Some KVMs will redirect local devices (Smart Card readers, USB drives, etc), but some will only handle keyboard/mouse.

Some KVMs require client software installed locally, and you may not rights to install that client on a work computer.

All KVMs have some sort of software prerequisite. E.g., the web interface may present the KVM console as a Java application, which means you'll need a supported version of Java on your workstation. Alternatively, it may use .NET Framework or HTML5. Basic KVMs will often work with HTML5 alone (native in Edge/Chrome/Firefox), but advanced functionality usually requires something outside the browser sandbox.
 
mikewinddale
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Re: Remote management - what do I need?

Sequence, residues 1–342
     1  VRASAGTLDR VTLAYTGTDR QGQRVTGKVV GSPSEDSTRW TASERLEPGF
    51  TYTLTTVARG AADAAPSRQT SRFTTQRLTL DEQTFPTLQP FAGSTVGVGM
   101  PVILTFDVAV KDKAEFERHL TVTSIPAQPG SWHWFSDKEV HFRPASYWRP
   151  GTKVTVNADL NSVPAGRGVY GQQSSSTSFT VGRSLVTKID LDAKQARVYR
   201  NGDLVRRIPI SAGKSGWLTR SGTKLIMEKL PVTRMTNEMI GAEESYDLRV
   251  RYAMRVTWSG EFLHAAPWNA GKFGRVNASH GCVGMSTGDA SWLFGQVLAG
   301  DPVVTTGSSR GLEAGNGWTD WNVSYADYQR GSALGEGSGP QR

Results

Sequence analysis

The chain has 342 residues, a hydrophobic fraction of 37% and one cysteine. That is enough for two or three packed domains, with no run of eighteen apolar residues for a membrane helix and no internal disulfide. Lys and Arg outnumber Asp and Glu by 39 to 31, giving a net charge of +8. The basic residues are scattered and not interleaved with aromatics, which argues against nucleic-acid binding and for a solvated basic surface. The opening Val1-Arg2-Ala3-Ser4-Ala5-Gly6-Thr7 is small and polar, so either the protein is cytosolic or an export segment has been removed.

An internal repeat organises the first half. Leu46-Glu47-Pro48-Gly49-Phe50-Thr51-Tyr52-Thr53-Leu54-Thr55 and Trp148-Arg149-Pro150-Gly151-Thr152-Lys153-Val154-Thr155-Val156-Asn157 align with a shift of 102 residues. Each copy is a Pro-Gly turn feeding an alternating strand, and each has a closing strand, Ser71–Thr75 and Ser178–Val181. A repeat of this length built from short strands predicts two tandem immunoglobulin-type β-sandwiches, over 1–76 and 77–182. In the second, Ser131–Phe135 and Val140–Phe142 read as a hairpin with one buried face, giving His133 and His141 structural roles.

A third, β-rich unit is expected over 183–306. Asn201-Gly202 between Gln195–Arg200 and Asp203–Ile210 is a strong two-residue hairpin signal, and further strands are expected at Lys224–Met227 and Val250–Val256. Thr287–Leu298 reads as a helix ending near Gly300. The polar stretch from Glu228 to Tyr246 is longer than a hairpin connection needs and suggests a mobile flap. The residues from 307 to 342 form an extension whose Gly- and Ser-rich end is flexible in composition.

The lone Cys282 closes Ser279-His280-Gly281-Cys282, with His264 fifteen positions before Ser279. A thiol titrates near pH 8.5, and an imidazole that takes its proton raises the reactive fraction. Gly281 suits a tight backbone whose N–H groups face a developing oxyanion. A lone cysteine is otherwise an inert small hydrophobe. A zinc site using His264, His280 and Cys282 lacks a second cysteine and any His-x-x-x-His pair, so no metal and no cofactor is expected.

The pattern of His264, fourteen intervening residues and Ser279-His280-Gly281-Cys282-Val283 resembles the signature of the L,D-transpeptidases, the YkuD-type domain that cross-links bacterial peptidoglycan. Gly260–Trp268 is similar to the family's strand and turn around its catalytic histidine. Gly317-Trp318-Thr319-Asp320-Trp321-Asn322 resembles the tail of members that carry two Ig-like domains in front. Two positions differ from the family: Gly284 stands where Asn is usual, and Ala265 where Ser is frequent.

Thu Feb 28, 2019 6:32 pm

Okay, so at work, I could just buy my own low-powered computer, to which I'd have administrator access. So I'd put most of my money into say a ThreadRipper at home, and then at work, I'd buy a cheap Pentium or whatnot to act like a dumb terminal - to which I'd have full administrator access.

Also, I would be fine with using the KVM-over-IP for pre-OS management (e.g. entering BIOS passwords), and then switching over to RDP with the desktop itself once the OS boots. So the KVM would need keyboard, video, mouse, and for things like USB, I'd rely on the RDP with the desktop's own OS (e.g. Windows).

Would that work?